Improve the Emotion Regulation of Midwives with Mindfulness
By John M. de Castro, Ph.D.
“Mindfulness is a way of befriending ourselves and our experience.” – Jon Kabat-Zinn
Mindfulness practice has been shown to improve emotion regulation. Practitioners demonstrate the ability to fully sense and experience emotions but respond to them in more appropriate and adaptive ways. In other words, mindful people are better able to experience yet control their responses to emotions. This is a very important consequence of mindfulness. Humans are very emotional creatures and these emotions can be very pleasant, providing the spice of life. But when they get extreme, they can produce misery and even mental illness. The ability of mindfulness training to improve emotion regulation is thought to be the basis for a wide variety of benefits that mindfulness provides to mental health and the treatment of mental illness especially depression and anxiety disorders.
In today’s Research News article “.” (See summary below or view the full text of the study at: https://www.ncbi.nlm.nih.gov/pmc/articles/PMC9103483/ ) Aghamohammadi and colleagues examined the effectiveness of mindfulness training on emotion regulation and perceived stress in Iranian midwives. The participants were randomly assigned either to a wait-list control condition or to receive an 8-week Mindfulness-Based Stress Reduction (MSBR) program modified for Iranian culture.
They report that mindfulness training significantly improved emotion regulation and self-efficacy and decreased perceived stress and hopelessness in the midwives. The improvements in emotion regulation included increases in acceptance of emotional responses, performance of goal-oriented behaviors in the face of a stressful situation, accessing emotional strategies, and improving emotional clarity.
These findings suggest that mindfulness training improves the ability to appreciate but control emotions producing improvements in mental health.
“You can’t stop the waves, but you can learn to surf.” – Jon Kabat-Zinn
CMCS – Center for Mindfulness and Contemplative Studies
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Aghamohammadi F, Saed O, Ahmadi R, Kharaghani R. The effectiveness of adapted group mindfulness-based stress management program on perceived stress and emotion regulation in midwives: a randomized clinical trial. BMC Psychol. 2022 May 13;10(1):123. doi: 10.1186/s40359-022-00823-7. PMID: 35562792; PMCID: PMC9103483.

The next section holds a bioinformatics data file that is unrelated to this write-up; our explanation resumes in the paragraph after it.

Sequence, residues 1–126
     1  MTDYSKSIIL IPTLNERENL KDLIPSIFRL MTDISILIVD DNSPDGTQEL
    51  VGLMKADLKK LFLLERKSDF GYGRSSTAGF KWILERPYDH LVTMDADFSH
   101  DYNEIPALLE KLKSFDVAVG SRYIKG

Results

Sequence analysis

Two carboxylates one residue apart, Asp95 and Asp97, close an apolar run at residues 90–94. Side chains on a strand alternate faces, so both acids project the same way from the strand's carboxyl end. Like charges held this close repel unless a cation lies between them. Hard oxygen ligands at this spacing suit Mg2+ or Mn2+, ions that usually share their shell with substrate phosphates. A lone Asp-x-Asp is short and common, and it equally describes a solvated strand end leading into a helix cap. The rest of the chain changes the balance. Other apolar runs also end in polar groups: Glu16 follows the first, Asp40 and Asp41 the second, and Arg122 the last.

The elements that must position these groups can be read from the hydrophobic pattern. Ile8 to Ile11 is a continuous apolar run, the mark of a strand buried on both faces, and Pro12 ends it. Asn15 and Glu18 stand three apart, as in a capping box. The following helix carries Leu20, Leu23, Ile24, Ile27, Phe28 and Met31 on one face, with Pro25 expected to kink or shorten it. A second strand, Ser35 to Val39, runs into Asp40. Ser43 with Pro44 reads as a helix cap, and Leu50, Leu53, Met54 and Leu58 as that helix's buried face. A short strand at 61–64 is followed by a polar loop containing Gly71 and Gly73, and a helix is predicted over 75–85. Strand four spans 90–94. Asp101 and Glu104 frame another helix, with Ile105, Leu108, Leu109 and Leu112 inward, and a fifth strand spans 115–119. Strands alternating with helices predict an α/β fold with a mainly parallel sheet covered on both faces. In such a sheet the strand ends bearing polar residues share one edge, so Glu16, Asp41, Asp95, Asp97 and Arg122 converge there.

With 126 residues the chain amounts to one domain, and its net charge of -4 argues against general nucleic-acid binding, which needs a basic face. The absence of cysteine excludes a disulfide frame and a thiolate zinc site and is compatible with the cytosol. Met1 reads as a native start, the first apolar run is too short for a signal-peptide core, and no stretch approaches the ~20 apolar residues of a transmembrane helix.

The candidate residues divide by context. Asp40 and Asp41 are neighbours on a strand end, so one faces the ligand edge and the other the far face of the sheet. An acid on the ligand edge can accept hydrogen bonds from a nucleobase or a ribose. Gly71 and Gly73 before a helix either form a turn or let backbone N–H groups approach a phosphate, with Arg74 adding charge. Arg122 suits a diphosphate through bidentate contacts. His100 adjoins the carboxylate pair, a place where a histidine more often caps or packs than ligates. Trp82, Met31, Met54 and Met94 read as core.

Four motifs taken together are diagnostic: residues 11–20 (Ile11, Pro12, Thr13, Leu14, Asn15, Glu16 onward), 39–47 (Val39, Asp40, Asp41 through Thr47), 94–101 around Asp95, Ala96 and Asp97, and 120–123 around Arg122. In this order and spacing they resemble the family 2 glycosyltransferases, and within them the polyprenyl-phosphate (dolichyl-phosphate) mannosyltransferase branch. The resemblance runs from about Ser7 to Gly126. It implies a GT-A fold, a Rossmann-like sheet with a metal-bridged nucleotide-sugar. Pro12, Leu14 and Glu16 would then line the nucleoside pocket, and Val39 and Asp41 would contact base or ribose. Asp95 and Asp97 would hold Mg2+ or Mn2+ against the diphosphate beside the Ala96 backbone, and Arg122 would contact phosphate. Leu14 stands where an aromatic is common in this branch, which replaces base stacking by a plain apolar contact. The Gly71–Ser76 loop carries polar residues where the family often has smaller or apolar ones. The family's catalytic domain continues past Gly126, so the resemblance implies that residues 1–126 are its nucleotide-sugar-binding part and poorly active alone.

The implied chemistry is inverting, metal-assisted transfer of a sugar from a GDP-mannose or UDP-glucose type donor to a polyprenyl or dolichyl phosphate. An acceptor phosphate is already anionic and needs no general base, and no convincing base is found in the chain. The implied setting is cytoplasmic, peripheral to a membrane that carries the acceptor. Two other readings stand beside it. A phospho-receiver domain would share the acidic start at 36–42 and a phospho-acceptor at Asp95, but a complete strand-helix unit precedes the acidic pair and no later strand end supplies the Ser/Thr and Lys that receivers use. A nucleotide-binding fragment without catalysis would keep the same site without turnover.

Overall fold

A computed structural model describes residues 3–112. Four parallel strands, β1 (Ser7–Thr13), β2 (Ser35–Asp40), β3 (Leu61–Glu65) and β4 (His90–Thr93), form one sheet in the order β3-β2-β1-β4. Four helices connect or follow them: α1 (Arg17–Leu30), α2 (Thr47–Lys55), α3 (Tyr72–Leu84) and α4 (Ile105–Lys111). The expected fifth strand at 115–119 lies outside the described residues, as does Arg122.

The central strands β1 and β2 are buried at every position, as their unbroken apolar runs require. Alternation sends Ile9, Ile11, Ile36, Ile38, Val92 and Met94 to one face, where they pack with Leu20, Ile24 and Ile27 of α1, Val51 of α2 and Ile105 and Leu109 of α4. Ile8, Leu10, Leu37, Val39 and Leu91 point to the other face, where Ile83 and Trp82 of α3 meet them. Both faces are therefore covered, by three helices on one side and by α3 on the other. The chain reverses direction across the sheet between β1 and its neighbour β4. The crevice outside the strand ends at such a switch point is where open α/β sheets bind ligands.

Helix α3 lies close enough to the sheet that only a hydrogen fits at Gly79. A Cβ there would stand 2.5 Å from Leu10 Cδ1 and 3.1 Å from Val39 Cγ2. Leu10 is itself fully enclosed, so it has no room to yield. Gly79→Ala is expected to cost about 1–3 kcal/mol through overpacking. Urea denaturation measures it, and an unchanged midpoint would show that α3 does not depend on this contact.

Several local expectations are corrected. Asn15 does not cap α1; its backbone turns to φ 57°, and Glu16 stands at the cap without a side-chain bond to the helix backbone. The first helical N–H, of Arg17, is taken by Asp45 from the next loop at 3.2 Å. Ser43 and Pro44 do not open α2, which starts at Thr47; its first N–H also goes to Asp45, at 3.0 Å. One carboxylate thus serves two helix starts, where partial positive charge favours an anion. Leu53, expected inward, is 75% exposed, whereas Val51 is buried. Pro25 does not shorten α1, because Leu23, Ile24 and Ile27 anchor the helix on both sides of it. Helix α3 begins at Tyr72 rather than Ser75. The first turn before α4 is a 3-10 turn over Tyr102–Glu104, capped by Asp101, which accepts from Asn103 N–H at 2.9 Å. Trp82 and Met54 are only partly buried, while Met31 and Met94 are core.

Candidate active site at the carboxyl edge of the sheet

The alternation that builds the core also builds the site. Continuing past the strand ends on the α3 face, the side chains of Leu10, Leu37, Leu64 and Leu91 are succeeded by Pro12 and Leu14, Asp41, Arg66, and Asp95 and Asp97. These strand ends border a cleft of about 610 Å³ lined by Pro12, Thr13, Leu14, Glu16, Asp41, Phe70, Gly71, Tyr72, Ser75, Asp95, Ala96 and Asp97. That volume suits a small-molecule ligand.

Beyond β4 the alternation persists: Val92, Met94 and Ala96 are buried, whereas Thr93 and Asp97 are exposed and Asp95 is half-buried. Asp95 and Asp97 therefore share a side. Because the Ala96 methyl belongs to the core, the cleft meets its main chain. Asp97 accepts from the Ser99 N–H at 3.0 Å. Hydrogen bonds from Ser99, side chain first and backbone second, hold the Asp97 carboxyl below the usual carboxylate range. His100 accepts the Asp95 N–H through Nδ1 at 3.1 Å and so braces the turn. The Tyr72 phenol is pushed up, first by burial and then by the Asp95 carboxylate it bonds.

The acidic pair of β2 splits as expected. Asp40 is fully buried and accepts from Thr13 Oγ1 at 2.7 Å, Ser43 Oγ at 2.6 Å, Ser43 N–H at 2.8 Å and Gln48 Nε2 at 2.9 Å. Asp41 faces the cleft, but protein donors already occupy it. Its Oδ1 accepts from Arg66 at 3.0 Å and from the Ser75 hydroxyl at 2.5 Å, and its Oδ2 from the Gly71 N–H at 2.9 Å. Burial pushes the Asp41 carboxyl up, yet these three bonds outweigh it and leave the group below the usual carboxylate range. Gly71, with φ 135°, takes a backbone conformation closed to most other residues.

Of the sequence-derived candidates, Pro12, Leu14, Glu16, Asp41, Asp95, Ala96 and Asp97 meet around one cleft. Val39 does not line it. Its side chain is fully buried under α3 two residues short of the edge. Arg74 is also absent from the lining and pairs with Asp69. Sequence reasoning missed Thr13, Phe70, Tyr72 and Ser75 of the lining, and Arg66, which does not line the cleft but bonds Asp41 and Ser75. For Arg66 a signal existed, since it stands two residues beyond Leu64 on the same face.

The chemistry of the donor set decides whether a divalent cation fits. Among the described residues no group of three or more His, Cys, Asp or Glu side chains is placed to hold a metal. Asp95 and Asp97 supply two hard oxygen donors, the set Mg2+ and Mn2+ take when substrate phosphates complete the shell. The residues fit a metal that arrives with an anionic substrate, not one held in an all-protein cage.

Midwives’ stress can have negative consequences on their emotional state, burnout, and poor quality of midwifery care. This study aimed to determine the effectiveness of an adapted mindfulness-based stress management program on perceived stress and the emotional regulation of midwives.
The study was a parallel randomized clinical trial on the midwives working in general hospitals of Zanjan, Iran. In this study, 121 midwives registered to participate based on the census sampling method were screened using a cut point of ≥ 28 in the Perceived Stress Scale (PSS). From the initial sample, 42 subjects had inclusion criteria assigned to two groups of control (n = 21) and intervention (n = 21) using online random allocation. The intervention group received an 8-week adapted mindfulness-based stress management program. This program emanates from the Kabat-Zinn’s MBSR program, which has been adjusted according to the Iranian culture. The ANCOVA and repeated measure analysis of variance test were used to compare groups over time.
The results showed that the group intervention effectively affected perceived stress (P = 0.001) and difficulty in emotion regulation during the post-intervention period (P = 0.001). Moreover, the interventions were effective in emotion regulation (P = 0.003), but it was not effective on perceived stress (P = 0.125) at the 3-month follow-up.
This adapted mindfulness-based program successfully reduced stress and increased emotion regulation strategies in midwives; however, the long-term outcomes of this treatment program need further consideration.